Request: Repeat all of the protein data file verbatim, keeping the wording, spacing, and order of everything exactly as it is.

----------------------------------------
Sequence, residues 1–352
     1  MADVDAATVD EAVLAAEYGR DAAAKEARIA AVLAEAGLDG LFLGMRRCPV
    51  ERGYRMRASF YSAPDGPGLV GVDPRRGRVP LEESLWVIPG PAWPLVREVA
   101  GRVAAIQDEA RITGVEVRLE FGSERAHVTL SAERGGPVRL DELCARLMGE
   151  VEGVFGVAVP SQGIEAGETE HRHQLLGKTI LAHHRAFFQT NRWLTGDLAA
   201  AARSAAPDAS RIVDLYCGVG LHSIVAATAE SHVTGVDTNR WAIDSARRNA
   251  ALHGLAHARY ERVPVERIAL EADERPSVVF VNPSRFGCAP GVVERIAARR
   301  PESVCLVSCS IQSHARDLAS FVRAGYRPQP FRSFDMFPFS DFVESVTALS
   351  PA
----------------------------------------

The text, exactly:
Sequence, residues 1–352
     1  MADVDAATVD EAVLAAEYGR DAAAKEARIA AVLAEAGLDG LFLGMRRCPV
    51  ERGYRMRASF YSAPDGPGLV GVDPRRGRVP LEESLWVIPG PAWPLVREVA
   101  GRVAAIQDEA RITGVEVRLE FGSERAHVTL SAERGGPVRL DELCARLMGE
   151  VEGVFGVAVP SQGIEAGETE HRHQLLGKTI LAHHRAFFQT NRWLTGDLAA
   201  AARSAAPDAS RIVDLYCGVG LHSIVAATAE SHVTGVDTNR WAIDSARRNA
   251  ALHGLAHARY ERVPVERIAL EADERPSVVF VNPSRFGCAP GVVERIAARR
   301  PESVCLVSCS IQSHARDLAS FVRAGYRPQP FRSFDMFPFS DFVESVTALS
   351  PA